How the A380 superjumbo's dream fell apart

How the A380 superjumbo’s dream fell apart

(CNN) – It’s nothing like seeing an Airbus A380 for the first time. It is so large – the largest passenger plane ever built – that its wingspan is almost the length of a football field, and more than 800 people could fit together if all seats were economy class.

The trip is extremely convenient, plus when the flight can be 16 hours long and take you around the world. The cabin offers a lot of space and luxurious amenities, which makes it a favorite among passengers and crew.

However, airlines liked it much less: Airbus hoped to sell as many as 750, instead planning to shut down production in 2021 after just over 250 would disconnect from the Toulouse route in southern France. It has been in operation for only 13 years.

With a list price of about $ 450 million per aircraft, the A380 is a technological marvel, amassed by advanced engineering, but conceived through the intentions of a bygone era of aviation, which eventually cut its wings.

The service life of super-jumbos already in service can be further shortened by the detrimental effects of the coronavirus on the aviation industry. An airplane that was once considered the future of travel is seeing its previous approach faster and faster.

So how did this giant from heaven come to fly in the first place?

European 747

Airbus A380: Passengers love it. Airlines do not.

Pascal Le Segretain / Getty images

The A380 was created in response to the original jumbo jet, the Boeing 747. But for a while, Airbus and Boeing briefly considered the unthinkable: working together to create a new superumbo.

In 1993, they joined forces to study the potential size of the market for a very large aircraft, but eventually came to different conclusions and the joint venture never materialized.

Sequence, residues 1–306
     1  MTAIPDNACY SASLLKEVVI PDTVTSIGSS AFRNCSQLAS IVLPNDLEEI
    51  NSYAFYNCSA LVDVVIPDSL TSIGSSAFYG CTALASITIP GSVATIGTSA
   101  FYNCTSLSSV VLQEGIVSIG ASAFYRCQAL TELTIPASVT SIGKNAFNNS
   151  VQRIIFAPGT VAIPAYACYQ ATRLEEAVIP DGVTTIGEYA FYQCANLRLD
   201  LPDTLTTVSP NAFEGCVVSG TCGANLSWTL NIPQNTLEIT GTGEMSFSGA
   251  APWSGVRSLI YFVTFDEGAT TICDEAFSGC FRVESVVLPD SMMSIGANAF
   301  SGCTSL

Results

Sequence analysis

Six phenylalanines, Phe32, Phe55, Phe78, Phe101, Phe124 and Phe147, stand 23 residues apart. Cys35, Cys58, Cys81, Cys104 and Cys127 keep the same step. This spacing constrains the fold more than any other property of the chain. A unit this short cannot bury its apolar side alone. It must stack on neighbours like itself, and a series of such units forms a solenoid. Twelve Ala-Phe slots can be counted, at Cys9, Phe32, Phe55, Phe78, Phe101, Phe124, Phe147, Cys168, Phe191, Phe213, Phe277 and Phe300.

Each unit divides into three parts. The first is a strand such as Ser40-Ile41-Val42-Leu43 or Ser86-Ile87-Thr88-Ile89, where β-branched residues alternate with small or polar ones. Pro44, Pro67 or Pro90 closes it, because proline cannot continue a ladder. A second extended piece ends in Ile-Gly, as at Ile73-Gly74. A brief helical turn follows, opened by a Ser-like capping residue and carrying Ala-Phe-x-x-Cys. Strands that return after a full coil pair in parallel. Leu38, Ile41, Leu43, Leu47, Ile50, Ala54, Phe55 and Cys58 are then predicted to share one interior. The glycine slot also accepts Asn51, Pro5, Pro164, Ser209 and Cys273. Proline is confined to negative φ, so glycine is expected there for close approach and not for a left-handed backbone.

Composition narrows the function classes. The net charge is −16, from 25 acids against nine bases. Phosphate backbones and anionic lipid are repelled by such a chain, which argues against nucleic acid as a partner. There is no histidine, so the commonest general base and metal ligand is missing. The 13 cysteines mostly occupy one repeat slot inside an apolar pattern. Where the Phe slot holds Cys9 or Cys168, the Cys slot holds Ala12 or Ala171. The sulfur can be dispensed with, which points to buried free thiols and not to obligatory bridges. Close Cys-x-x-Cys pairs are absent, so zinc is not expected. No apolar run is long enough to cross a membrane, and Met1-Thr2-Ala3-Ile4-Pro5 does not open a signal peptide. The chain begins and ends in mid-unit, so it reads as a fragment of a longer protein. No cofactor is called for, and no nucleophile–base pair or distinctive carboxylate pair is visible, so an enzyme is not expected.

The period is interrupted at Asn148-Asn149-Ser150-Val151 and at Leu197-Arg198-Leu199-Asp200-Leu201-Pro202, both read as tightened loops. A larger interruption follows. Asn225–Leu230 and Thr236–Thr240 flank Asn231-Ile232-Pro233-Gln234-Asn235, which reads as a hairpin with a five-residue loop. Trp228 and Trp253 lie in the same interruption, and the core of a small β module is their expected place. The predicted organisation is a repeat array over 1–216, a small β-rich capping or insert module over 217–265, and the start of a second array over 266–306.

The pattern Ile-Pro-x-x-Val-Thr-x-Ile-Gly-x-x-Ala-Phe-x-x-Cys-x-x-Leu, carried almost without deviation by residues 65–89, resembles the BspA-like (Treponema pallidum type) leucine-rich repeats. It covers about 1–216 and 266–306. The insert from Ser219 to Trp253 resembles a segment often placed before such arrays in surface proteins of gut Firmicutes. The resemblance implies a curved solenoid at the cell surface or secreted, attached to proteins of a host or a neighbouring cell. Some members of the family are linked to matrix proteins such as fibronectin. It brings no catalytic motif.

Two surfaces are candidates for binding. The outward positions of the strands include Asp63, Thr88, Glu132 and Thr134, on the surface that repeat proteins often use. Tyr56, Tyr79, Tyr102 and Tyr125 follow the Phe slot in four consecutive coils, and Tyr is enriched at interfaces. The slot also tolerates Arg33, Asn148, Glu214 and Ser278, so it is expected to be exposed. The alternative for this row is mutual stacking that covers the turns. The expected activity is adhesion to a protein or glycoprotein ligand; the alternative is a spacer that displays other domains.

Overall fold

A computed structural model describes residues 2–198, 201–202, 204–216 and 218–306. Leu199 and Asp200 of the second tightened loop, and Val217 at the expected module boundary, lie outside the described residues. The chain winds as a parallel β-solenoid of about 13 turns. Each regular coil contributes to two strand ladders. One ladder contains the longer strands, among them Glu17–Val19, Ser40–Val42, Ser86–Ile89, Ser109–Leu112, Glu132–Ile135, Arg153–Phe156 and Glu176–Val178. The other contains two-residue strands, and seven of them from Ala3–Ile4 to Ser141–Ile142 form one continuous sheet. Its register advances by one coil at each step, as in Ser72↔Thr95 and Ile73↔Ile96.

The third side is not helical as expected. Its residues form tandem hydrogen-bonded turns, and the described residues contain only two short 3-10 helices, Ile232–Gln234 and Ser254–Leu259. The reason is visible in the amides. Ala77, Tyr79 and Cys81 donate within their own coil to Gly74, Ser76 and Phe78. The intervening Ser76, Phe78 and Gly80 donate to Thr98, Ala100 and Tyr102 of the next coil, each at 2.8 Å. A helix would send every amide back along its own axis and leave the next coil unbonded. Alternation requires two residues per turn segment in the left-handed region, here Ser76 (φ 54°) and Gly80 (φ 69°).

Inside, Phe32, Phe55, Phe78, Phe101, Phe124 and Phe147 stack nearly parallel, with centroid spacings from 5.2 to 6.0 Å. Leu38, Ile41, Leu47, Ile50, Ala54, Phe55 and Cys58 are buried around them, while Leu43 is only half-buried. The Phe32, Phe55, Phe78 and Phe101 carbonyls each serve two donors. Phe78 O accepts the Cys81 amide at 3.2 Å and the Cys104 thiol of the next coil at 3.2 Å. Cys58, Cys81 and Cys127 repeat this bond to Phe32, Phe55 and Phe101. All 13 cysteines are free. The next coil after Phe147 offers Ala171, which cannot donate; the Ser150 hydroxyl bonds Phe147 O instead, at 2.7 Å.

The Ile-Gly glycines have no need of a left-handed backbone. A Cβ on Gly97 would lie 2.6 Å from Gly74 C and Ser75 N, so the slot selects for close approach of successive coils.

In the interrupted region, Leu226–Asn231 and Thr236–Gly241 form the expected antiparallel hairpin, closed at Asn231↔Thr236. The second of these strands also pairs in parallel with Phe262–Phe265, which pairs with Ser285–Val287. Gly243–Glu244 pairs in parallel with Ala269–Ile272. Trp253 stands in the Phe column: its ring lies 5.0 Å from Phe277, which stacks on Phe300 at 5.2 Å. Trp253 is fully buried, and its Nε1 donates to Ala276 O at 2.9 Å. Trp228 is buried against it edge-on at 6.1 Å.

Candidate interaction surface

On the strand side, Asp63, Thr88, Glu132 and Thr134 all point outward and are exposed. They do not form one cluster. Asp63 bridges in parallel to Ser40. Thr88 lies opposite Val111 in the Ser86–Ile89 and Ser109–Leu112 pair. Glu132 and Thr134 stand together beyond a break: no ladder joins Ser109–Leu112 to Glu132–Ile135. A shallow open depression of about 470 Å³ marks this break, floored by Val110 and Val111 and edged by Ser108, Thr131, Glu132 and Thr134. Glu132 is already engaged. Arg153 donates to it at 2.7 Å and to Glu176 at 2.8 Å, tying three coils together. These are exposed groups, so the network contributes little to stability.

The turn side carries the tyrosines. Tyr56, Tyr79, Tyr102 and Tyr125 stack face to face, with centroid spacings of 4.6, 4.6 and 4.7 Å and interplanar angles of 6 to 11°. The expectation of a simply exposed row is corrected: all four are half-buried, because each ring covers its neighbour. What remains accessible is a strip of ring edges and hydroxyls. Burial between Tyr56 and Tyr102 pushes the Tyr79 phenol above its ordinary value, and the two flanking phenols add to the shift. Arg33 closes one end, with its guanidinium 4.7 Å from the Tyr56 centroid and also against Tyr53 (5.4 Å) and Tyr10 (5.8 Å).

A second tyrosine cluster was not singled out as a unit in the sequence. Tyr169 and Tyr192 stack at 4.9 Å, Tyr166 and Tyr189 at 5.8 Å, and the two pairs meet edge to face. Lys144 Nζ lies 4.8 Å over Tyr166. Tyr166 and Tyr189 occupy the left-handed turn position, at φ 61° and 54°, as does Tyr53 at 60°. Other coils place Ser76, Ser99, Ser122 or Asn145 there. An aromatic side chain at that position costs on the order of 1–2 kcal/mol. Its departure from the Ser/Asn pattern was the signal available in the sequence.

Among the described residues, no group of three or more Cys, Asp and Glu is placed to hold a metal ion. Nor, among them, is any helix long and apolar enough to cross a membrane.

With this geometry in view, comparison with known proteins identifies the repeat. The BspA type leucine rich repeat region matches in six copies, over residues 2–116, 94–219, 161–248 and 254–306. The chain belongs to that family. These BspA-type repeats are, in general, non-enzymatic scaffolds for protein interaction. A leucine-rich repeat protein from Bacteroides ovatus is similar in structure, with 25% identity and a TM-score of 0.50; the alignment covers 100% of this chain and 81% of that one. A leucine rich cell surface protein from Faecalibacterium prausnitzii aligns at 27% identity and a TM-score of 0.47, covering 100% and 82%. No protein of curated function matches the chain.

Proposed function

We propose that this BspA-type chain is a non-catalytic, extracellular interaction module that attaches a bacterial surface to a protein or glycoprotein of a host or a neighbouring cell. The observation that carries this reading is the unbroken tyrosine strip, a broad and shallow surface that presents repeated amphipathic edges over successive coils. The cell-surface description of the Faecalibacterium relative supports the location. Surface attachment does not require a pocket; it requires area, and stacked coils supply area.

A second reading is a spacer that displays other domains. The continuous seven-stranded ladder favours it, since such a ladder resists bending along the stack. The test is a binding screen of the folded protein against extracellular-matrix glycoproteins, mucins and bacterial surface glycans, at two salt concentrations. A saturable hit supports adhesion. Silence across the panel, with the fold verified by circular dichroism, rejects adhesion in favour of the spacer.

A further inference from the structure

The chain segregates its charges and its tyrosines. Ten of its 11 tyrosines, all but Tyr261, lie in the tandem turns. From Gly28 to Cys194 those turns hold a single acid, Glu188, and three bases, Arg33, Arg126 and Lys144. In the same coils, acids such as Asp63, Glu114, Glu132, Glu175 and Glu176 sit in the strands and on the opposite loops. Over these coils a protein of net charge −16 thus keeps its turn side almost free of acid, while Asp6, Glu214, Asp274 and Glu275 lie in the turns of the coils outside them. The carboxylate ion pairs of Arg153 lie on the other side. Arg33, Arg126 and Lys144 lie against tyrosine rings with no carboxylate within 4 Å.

“In the 1990s, we had only a 20% share of the aircraft market and were not present in the large aircraft segment,” said Robert Lafontaine, a former chief engineer of the Airbus A380 project.

“We wanted to work with Boeing because we decided it was a good idea to have no competition in this segment. But over time, Airbus realized that Boeing was not ready to have a successor to the 747, so in 1996 the decision was made to work alone. . “

By 2000, Airbus had projected demand for 1,200 dembos over the next two decades – and planned to capture about half of that market. Boeing’s estimate was about a third of that, so it decided to invest in new variants of the existing 747, rather than make an entirely new aircraft.

Airbus pressed. The project, formerly known as the A3XX, was renamed the A380 and attracted an encouraging 50 initial orders from six airlines.

“Boeing was making a lot of money with the 747, and Airbus wanted to be able to fly the same routes as the 747 as London to Singapore, without any restrictions,” Lafontaine said. “The goal was to offer an aircraft that would be 20 to 25 percent more economical for airlines.”

In fact, the 747 thrived in an aviation world dominated by large hubs and a handful of carriers. The increase in passenger numbers has created congestion at major airports such as JFK in New York, Narita in Tokyo and Heathrow in London, which were already operating at full capacity.

Singapore Airlines took delivery of the first A380 in October 2007.

Singapore Airlines took delivery of the first A380 in October 2007.

Singapore Airlines via Getty Images

According to Airbus, the solution is a larger aircraft that can take more passengers from these airports without increasing the number of flights.

But that tide spun. The “hub and talk” model was about to disappear in favor of point-to-point travel. Instead of buying larger planes to carry more passengers, the airlines chose a different and more financially viable route: buying smaller planes and using them to connect to secondary airports that had never been congested.